10-04-2018 Tri-City Area History Page

The Paw Paw River Journal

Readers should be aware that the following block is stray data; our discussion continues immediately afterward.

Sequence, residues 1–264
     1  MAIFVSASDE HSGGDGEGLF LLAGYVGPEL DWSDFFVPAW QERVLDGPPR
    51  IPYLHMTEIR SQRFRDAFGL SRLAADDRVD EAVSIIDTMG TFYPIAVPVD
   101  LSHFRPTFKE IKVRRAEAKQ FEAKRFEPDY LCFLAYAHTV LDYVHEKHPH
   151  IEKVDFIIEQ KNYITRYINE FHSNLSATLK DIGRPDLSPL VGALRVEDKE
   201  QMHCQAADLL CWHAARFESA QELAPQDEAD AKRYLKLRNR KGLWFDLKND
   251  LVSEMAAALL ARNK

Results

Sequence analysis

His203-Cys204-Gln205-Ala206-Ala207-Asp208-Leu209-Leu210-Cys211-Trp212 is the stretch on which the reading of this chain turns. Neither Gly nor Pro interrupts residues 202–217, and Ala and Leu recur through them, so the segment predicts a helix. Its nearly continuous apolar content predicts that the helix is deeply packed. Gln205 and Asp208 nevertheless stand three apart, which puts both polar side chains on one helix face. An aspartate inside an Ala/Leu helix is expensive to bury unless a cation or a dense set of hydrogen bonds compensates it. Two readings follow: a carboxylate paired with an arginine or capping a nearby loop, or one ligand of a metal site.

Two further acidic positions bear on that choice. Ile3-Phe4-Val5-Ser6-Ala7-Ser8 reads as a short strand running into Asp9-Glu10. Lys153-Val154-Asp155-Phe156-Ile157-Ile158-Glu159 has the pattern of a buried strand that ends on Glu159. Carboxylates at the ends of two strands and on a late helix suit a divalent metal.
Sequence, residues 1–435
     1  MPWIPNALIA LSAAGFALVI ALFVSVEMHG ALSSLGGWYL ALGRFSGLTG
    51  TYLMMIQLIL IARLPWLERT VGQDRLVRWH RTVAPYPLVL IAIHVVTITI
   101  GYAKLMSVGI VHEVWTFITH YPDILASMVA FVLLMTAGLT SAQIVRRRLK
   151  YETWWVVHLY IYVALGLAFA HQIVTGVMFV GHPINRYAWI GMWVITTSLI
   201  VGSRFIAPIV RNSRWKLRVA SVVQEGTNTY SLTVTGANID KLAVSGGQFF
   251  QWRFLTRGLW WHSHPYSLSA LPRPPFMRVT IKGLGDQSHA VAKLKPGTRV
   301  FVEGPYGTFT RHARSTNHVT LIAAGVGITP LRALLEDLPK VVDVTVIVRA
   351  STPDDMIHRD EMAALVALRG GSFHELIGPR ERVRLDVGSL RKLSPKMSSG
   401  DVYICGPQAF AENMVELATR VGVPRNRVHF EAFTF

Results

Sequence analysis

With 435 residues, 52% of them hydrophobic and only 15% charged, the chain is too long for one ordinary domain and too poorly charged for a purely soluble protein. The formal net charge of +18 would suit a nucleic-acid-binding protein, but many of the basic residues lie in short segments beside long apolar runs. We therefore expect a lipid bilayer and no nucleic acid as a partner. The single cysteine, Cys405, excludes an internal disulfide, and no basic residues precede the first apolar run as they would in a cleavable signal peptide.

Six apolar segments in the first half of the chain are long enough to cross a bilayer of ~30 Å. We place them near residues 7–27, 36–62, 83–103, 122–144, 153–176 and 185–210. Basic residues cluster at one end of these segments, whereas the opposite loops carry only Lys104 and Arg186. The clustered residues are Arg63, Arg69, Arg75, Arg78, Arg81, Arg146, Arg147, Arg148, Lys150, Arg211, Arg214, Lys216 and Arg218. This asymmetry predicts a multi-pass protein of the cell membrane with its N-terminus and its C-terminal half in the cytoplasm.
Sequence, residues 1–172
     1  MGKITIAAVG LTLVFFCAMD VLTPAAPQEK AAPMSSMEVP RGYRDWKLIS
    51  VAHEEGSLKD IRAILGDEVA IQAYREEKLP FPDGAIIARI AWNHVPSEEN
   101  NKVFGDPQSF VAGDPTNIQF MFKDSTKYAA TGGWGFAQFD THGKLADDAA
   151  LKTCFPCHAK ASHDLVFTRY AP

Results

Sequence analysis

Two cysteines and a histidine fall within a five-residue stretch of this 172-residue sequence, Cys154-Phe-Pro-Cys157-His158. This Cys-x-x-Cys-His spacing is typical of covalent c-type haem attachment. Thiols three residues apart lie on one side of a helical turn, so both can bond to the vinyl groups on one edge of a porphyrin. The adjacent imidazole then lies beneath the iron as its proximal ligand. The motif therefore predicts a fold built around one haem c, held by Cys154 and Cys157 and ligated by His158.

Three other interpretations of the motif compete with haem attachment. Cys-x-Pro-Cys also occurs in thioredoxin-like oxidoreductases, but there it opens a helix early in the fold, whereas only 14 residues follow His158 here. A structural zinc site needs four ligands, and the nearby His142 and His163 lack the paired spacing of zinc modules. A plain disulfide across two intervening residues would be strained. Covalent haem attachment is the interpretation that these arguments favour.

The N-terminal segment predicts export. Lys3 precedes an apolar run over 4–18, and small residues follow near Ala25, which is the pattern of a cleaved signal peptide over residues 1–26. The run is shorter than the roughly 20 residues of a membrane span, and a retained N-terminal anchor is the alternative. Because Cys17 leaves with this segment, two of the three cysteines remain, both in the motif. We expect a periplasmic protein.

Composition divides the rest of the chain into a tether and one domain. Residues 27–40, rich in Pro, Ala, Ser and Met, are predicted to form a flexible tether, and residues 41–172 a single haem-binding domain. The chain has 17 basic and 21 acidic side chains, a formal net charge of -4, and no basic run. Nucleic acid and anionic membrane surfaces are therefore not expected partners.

Ode to autumn My Webster’s says an ode is a poem written to be sung. Well I’m not going to sing this, but I hope there will be music in it. We are now in a beautiful time of year. And if we just listen, nature is singing songs. Back in the day (hah!), it was one of our favorite times to go camping. Labor Day has come and gone, and students are back in school laboring! When that holiday arrives, suddenly the campgrounds empty out. People are back in their workday lives. Suddenly the highways are not as crowded. Who’s out there? The gray-headed crowd. And I’m talking about that time after I retired from teaching. Yup, we were part of it! The trees ache with color. One year daughter Becky came in our kitchen and said, “You guys just have to come outside so we can take some pictures. All the trees around your house are just beautiful!” We did that, and I still look at those pictures… They evoke the same feelings I had then. A sense of wonder at God’s world and all its beauty. At night I step out on the back porch and breathe deep. A tang of burning leaves (strictly illegal), and on Friday nights the sound of crowds cheering on our football team at the nearby high school. I can remember on such a Friday night we had driven up to the state park at Traverse City. We found a spot beneath the pines. As I set up our travel trailer I breathed deeply that pure scented air. I wish I could have distilled it and bottled it to open right now! Our four children had their own ideas about camping when they could go with us… Eldest two girls, Deb and Becky, put up their tent and got all of their equipment arranged. Out came the volleyball and net, and they were off to set it up and find some kids for a game. Soon they were all playing volleyball. One time I said to them, “I think you’ve found a good way to meet boys!” They just gave me that Mona Lisa smile and went on about their business. Son Rob set up his little pup tent and had his own campfire… we could do that in those days. In the morning I reared up and looked out the window to see if he was okay. There he was sitting in front of his tent with the campfire and cooking a pot of oatmeal. Youngest daughter, Laurie, had her own camping ideas. She claimed one of the bunks in our travel trailer and had her bed all made up. When we set up camp and I powered up the trailer, on came her electric blanket and her little radio, set to the local rock station. Oh yes, we all got what we wanted. And we camped that way summer through autumn. We loved autumn picnics too. My folks were the original picnic people. Because we lived right at my dad’s business (the greenhouses), if they wanted to get away and have some free time, we often went on picnics. A favorite place was Hagar Park. In those days it was a real family spot. We picnicked there almost until snow would be flying. Well, maybe that’s a slight exaggeration. But we had some times when they would put up a tarp to keep the wind out. And my dad was a champion hamburger fryer! A big fire in the outdoor fireplace, one by each table. The smell of frying hamburgers and a pot of potatoes boiling (with the skins on). No swimming then, of course, but we were out in nature as darkness settled over the wooded area… and a few other brave families who were doing the same thing. Autumn meant a lot of other things too. We raked leaves into piles and burned them. No rules against that then. And of an autumn evening a haze lay over the town, with a big harvest moon rising. Every year at harvest time the Chicago Tribune ran a feature with a special picture on the cover of the magazine section. It shows an autumn scene, with moon coming up, and the field of corn shocks. Under that another picture and the scene is changed… same campfire, but now the corn shocks are Indian tepees and the Native Americans are dancing around a fire. Autumn meant a lot of other things too… and it still does. Halloween is coming up and then Thanksgiving. Both of those deserve their own story which I will develop later. Autumn is a most glorious time of year. It is tinged with sadness because we know that winter is coming. The world will go to sleep, covered with a white blanket. Goodbye until spring. Meanwhile we enjoy the feeling of completion, of things winding down for the year. And often during that time we are given a period of warmth called Indian summer. What a luxury to be in shirtsleeves again for a few days. The year the Chief Accountant and I were married it was thus. About two weeks of glorious warm weather. We went on our wedding trip to Washington D.C. Visiting a beautiful cathedral in that city, we looked through the gift shop adjoining. Run by society of Brothers wearing brown habits, it had all kinds of religious gifts. I followed Marion around looking for things to take back home as gifts. One young brother smiled at me and said, “How was the wedding?” I said, “How did you know we were just married?” He replied knowingly, “Otherwise you would be outside impatiently waiting for her to get done!” Glorious autumn days when we were young, life was new, and lots of golden threads woven into the tapestry of our lives in these storybook towns along the Paw Paw River.